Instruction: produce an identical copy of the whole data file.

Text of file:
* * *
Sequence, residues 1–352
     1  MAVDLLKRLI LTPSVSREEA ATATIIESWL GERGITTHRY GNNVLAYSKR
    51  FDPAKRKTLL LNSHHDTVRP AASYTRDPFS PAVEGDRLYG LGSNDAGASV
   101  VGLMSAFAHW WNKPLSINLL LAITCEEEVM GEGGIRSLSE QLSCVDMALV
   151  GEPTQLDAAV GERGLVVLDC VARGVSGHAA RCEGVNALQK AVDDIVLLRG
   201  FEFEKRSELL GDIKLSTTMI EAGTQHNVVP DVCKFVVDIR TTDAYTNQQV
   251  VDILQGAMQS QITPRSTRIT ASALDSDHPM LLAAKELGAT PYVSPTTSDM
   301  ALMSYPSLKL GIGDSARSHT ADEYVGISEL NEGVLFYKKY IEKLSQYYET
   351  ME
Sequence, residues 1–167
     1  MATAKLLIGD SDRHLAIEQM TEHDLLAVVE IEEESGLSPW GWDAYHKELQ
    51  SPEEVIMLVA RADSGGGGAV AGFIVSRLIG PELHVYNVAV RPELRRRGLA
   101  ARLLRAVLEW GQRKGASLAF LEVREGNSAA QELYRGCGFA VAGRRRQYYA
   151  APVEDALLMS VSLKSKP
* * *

Sequence, residues 1–352
     1  MAVDLLKRLI LTPSVSREEA ATATIIESWL GERGITTHRY GNNVLAYSKR
    51  FDPAKRKTLL LNSHHDTVRP AASYTRDPFS PAVEGDRLYG LGSNDAGASV
   101  VGLMSAFAHW WNKPLSINLL LAITCEEEVM GEGGIRSLSE QLSCVDMALV
   151  GEPTQLDAAV GERGLVVLDC VARGVSGHAA RCEGVNALQK AVDDIVLLRG
   201  FEFEKRSELL GDIKLSTTMI EAGTQHNVVP DVCKFVVDIR TTDAYTNQQV
   251  VDILQGAMQS QITPRSTRIT ASALDSDHPM LLAAKELGAT PYVSPTTSDM
   301  ALMSYPSLKL GIGDSARSHT ADEYVGISEL NEGVLFYKKY IEKLSQYYET
   351  ME
Sequence, residues 1–167
     1  MATAKLLIGD SDRHLAIEQM TEHDLLAVVE IEEESGLSPW GWDAYHKELQ
    51  SPEEVIMLVA RADSGGGGAV AGFIVSRLIG PELHVYNVAV RPELRRRGLA
   101  ARLLRAVLEW GQRKGASLAF LEVREGNSAA QELYRGCGFA VAGRRRQYYA
   151  APVEDALLMS VSLKSKP